The week started with a whimper until a major bond sell-off started Wednesday. The week ended with a report that the “U.S. economy grew at an annualized rate of 2.9% in the third quarter, but underneath the better-than-expected headline (Wall Street economists were looking for growth of 2.6%) we see a number boosted by two of the least-reliable elements of this report: inventories and trade,” said Yahoo Finance on October 28, 2016.
According to me, if you want to keep your eye on the ball, it’s all about earnings. Look to see if there are more earnings surprises to the upside or earnings disappointments to the downside. With demographic headwinds it appears to me that a majority of earnings surprises may be difficult to achieve.
Thanks to Dent Research, provided here is our weekly information roundup ending the weekon October 28, 2016. We start each subject with what you hear in the news and finish with what that information means to you. We hope this information will help you separate the noise from the news
U.S. Third-Quarter GDP Increased 2.9%... That’s the highest growth rate since the third quarter of 2014.
What it means – Don’t break out the party hats just yet. Remember that this number, which is still below 3% and is a first estimate, follows 0.8% growth in the first quarter, and 1.4% in the second. That makes our average growth in 2016 a whopping 1.7%. Better than 1%, not quite 2%, and nowhere near high enough to be a cause for celebration.
Still, the trend from the dismal readings at the end of 2015 to now gives the Fed the ammo they need to bump rates in December. This will put further upward pressure on bonds over the next two months.
Affordable Care Health Exchange Premiums Up 25% for 2017… This rise represents the price increase for the second-cheapest silver plan in states across the country.
What it means – A 25% bump is ugly, but that’s not the worst of it. This is just the average. The cost jumped even more in many places, like the 53% hike in Philadelphia, and the 118% boost in Arizona. Along with higher prices, consumers get the joy of fewer choices and bigger deductibles. This is a product that most people love to hate. It does provide coverage to those who previously could not get insurance, but at a cost that is proving to be anything but affordable.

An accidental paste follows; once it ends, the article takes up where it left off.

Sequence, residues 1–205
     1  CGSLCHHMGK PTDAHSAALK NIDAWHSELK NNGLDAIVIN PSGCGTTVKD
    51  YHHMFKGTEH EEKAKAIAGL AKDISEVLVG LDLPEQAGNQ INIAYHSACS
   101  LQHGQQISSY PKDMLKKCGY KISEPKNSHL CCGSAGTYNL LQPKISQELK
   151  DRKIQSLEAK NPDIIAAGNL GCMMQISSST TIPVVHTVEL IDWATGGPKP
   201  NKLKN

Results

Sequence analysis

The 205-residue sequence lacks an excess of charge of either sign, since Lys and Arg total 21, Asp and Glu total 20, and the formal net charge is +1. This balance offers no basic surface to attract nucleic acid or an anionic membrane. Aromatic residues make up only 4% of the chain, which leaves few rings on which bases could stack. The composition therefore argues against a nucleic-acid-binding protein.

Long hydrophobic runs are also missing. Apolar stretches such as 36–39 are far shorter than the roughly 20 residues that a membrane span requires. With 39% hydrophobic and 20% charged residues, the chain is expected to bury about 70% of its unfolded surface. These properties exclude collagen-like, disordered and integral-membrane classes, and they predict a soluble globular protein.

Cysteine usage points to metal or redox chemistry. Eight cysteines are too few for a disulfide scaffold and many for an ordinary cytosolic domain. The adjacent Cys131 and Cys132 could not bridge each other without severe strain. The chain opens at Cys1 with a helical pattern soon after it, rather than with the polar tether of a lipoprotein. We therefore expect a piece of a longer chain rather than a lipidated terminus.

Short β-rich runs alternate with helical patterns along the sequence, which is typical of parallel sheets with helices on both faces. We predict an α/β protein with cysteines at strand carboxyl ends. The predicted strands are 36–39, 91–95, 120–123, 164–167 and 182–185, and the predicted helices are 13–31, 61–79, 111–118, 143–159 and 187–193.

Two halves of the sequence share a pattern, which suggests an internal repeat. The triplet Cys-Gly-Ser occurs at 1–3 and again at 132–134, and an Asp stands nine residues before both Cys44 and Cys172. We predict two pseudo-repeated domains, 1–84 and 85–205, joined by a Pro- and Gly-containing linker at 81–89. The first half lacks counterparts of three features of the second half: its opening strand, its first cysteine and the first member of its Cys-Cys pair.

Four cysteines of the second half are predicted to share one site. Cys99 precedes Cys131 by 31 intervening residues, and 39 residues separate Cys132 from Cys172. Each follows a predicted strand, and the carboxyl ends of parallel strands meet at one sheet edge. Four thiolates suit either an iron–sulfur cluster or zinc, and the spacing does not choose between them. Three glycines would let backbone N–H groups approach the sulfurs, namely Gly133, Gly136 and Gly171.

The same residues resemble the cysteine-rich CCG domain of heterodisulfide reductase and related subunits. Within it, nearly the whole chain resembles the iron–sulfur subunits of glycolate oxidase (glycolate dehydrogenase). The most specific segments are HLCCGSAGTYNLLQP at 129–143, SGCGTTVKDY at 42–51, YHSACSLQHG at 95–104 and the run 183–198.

Adding insult to injury, the government is assigning policies to consumers with insurance companies that exit the marketplace who fail to sign up for a new one. There’s no doubt the replacement policy will be a tad more expensive than the old one.
No matter who gets elected, this issue will be a headache for the next administration.
S&P CoreLogic Case-Shiller 20-City Home Price Index Up 5.1% Over Last Year… The gain was expected, and is in line with the rest of 2016.
What it means – This index is reported on a two-month lag, so these are the numbers from August. In September, we’ll compare current numbers to the strong results from last year, so the annual gains should fade. With housing in England, Canada, and Australia starting to crack, it seems like just a matter of time before falling prices wash up on our shores.
The Chinese Yuan Drops Below 6.78 per U.S. Dollar… That’s the lowest level since the currency started trading outside of the mainland in 2010.